Is it okay to have negative amounts in the equity section of the balance sheet?

Definition of Equity Section of the Balance Sheet

The equity section of the balance sheet is known as:

  • Owner's equity if it is a sole proprietorship. The amount may be reported as a single amount described as owner's capital. On the other hand, it is common for today's accounting software to show three amounts: owner's capital at the start of the year, current year net income, and current year draws by the owner.
  • Stockholders' equity if it is a corporation. The reported components may be paid-in capital, retained earnings, treasury stock, and accumulated other comprehensive income.

Examples of Negative Amounts in the Equity Section

If the current year's net income is reported as a separate line in the owner's equity or stockholders' equity sections of the balance sheet, a negative amount of net income must be reported. The negative net income occurs when the current year's revenues are less than the current year's expenses.

If the cumulative earnings minus the cumulative dividends declared result in a negative amount, there will be a negative amount of retained earnings. This negative (or positive) amount of retained earnings is reported as a separate line within stockholders' equity.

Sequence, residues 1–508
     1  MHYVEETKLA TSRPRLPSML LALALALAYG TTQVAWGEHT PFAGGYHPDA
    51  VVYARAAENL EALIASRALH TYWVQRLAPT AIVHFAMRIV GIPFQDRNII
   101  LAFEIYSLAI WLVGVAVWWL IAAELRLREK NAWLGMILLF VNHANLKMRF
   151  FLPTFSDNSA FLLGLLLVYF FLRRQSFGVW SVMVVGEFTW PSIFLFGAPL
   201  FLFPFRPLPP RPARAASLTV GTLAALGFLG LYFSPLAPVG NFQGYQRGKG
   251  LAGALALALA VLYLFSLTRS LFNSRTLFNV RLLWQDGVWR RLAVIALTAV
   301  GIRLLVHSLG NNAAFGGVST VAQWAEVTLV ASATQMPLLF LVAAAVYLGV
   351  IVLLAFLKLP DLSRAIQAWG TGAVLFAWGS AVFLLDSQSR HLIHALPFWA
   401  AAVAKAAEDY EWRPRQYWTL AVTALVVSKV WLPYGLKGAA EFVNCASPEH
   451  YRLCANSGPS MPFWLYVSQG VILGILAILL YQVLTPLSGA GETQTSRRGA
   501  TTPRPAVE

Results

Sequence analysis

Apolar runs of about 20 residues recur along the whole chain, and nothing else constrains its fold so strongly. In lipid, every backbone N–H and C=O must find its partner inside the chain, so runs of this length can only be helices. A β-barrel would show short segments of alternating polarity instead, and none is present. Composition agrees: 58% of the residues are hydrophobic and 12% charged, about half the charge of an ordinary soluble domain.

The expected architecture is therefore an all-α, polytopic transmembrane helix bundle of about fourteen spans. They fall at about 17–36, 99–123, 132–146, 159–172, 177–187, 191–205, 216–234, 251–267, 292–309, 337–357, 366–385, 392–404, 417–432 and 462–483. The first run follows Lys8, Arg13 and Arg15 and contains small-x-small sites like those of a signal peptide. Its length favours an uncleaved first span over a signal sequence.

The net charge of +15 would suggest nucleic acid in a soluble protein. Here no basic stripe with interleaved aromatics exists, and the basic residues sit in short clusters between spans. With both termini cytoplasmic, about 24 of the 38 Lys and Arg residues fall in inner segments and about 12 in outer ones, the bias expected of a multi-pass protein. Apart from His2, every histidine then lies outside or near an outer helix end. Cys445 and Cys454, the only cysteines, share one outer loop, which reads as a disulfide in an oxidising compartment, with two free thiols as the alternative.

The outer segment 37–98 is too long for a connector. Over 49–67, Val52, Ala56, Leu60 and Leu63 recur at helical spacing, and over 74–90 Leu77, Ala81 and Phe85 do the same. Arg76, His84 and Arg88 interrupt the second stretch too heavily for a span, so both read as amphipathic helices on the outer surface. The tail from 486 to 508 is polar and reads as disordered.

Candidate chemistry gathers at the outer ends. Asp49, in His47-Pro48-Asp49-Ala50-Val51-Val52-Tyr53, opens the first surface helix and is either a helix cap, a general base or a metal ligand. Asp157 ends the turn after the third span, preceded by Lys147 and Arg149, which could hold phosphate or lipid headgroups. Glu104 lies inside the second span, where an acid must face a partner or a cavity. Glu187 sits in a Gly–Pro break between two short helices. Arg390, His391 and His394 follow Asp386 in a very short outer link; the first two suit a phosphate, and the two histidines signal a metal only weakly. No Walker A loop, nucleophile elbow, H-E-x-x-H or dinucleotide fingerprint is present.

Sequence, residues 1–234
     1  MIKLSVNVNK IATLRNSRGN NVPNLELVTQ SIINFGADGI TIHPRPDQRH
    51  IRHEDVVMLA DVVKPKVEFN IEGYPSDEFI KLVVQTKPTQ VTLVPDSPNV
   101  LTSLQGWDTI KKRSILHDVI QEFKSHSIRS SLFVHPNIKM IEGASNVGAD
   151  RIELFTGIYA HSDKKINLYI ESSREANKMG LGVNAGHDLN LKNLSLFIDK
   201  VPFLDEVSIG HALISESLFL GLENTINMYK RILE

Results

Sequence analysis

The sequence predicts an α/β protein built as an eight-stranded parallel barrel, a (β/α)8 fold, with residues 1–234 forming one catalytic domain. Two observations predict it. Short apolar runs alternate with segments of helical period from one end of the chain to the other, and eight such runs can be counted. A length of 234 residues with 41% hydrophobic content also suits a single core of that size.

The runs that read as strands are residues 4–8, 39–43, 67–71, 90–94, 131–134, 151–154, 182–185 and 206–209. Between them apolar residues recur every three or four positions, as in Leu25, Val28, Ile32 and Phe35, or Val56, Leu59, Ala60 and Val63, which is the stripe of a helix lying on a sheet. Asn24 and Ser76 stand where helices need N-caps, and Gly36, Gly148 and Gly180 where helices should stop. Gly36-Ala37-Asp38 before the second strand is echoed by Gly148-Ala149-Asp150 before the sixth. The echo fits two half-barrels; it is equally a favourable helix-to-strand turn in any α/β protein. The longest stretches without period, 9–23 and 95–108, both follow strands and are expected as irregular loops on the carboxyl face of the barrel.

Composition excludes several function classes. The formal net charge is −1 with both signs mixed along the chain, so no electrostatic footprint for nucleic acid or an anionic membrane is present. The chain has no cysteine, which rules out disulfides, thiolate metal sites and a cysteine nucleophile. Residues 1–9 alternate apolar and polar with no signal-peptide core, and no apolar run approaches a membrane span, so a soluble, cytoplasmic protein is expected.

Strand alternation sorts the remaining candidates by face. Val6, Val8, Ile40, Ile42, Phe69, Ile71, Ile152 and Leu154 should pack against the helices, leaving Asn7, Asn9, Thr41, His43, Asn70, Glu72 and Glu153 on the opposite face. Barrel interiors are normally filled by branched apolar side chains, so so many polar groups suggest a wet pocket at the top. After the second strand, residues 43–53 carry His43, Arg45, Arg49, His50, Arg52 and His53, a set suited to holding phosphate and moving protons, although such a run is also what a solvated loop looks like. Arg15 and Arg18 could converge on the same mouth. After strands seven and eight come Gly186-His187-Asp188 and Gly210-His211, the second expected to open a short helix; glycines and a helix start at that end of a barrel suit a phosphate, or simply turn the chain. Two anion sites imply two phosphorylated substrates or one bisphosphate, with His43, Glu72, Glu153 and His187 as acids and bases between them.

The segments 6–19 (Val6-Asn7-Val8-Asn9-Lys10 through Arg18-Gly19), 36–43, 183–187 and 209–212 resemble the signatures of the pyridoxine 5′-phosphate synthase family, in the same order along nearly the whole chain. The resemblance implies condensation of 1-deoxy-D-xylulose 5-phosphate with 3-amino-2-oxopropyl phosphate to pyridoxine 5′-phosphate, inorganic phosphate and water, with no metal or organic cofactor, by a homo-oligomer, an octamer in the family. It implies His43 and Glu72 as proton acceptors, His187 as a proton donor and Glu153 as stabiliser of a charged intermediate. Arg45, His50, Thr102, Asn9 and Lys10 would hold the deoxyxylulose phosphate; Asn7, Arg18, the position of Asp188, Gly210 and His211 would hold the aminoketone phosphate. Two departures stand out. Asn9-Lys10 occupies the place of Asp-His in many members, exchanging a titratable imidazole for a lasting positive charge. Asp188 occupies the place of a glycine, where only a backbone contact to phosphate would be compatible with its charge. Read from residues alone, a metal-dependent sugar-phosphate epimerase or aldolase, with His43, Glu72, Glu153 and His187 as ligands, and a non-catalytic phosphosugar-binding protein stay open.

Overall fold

The owner's drawing account in a sole proprietorship will have a debit balance. Hence, if it is reported as a separate line, it is reported as a negative amount since the owner's equity section of the balance sheet normally has credit balances.

If a corporation has purchased its own shares of stock the cost is recorded as a debit in the account Treasury Stock. The debit balance will be reported as a negative amount in the stockholders' equity section, since this section normally has credit balances.

Accumulated other comprehensive income can also be a negative (or positive) amount.

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